The BranLin Foundation
Who and What We Are?
The BranLin Foundation is a non-profit 501(c)3 organization to promote awareness and educate society about the effects of Sickle Cell Disease. We welcome every opportunity to explain the disease and it's related issues. Our foundation was founded after the premature death of our loved one due to complications of Sickle Cell Disease. It is with this memory, we focus on sharing information and bringing attention to Sickle Cell Disease. Through this charity, our significant loss will not go in vain.
We take concern in providing assistance for families experiencing hardship during extensive Sickle Cell Disease impairments. We look forward to helping sponsor children to attend the Annual Sickle Cell Summer Camp. It has been our honor to contribute to families in need of school supplies, winter apparel, and support during the holidays. We are grateful to ease challenges and provide hope for those suffering with Sickle Cell Disease.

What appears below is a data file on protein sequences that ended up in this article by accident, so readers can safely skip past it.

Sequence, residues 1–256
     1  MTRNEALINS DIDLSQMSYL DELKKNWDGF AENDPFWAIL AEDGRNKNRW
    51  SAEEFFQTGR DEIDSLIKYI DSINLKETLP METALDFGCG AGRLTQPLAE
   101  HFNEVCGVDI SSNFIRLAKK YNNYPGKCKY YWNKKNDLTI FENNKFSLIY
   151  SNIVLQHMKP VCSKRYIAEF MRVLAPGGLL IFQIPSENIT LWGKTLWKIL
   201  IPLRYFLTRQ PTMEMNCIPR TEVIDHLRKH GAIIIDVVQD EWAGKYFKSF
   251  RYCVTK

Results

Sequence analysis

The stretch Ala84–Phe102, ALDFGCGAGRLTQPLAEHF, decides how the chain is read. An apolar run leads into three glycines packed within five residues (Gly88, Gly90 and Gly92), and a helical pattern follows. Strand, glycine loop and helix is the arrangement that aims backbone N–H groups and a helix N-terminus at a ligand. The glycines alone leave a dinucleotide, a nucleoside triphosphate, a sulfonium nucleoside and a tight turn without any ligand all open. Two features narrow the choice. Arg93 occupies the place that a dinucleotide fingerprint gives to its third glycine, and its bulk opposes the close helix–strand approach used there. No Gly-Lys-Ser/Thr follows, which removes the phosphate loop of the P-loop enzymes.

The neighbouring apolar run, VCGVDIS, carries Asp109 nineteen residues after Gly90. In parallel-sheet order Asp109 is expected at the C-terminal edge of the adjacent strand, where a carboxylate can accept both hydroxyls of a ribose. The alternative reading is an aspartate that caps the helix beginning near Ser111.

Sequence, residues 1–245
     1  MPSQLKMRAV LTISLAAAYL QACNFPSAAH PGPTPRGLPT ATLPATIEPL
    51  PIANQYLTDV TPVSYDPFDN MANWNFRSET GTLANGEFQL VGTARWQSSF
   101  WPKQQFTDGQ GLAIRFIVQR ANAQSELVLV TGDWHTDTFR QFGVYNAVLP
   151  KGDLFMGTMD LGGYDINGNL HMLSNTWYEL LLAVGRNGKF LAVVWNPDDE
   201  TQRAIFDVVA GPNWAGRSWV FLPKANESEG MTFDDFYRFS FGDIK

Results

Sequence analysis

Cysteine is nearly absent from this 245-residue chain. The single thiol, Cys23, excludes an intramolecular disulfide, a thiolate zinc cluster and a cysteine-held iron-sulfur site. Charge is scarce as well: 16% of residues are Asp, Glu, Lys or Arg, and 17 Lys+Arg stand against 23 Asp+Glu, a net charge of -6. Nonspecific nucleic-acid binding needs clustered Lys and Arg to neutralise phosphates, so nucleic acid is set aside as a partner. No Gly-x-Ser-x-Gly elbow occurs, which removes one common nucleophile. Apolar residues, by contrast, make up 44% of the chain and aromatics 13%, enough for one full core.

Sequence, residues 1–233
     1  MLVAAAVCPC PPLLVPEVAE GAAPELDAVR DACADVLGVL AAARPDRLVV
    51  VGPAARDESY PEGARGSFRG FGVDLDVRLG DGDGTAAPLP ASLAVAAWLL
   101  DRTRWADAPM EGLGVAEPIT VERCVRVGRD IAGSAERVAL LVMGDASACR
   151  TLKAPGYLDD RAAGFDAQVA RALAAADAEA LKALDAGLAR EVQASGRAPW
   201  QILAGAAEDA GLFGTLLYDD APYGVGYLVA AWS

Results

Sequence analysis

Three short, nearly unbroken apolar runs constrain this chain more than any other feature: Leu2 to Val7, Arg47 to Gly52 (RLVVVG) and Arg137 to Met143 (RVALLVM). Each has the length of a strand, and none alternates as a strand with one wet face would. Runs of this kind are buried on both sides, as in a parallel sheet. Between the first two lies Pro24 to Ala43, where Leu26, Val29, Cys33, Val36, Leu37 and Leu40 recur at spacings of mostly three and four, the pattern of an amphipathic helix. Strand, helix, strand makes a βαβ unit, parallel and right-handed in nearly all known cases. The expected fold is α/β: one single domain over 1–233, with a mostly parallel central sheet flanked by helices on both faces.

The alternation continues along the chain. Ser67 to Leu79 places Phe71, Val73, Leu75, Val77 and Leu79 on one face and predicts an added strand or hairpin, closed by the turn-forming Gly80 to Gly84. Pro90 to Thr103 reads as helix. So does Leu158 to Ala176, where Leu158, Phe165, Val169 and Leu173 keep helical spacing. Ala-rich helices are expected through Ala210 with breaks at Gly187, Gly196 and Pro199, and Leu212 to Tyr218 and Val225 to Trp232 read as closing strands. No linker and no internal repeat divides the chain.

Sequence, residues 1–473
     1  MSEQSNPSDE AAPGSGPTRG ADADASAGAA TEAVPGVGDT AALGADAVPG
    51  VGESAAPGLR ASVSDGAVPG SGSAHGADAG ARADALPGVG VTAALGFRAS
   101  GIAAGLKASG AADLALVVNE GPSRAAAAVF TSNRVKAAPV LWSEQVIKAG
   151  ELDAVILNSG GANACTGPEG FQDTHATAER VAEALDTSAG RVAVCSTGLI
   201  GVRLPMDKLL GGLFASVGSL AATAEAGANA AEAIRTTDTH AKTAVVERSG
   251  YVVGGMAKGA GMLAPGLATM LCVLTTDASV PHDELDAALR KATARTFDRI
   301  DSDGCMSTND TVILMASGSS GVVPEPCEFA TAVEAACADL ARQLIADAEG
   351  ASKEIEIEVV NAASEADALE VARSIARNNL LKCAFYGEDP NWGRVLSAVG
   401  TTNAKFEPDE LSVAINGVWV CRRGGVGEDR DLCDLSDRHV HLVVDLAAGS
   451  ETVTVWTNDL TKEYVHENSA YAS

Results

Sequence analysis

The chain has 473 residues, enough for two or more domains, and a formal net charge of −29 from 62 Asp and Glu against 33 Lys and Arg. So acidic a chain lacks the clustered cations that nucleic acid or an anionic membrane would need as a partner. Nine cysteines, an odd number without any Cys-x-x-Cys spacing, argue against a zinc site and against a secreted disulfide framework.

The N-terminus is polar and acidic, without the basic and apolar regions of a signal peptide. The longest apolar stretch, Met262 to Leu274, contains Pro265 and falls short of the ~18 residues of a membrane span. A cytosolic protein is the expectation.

"Never look down on someone,
unless you are helping them up."
What Is Sickle Cell Disease (SCD)?
SCD is an inherited blood disorder present at birth. The red blood cells are C-shaped like a sickle, instead of round and circular. Red blood cells contain hemoglobin, which carries oxygen throughout the body. In a healthy person, hemoglobin is smooth, round, and flexible. This allows red blood cells to glide easy through your bloodstream. If you have SCD, the hemoglobin's shape is abnormal due to a mutated gene. It forms rods that clump together. This causes red blood cells to become rigid and curved. The odd-shaped cells block blood flow. It's dangerous, and can cause extreme pain, anemia, and other severe symptoms.
When both parents are carriers of the SCD gene there is a 25% chance the unborn child may have SCD. SCD can affect African, African-American, Hispanic, Mediterranean(Italian, Sicilian, Greek), Middle Eastern, Indian, Caribbean, and South American descent.
We have family, friends, and others who battle complications of SCD with pain episodes, acute chest syndrome, fevers, jaundice, avascular necrosis, pulmonary hypertension, and other symptoms that can shorten life expectancy.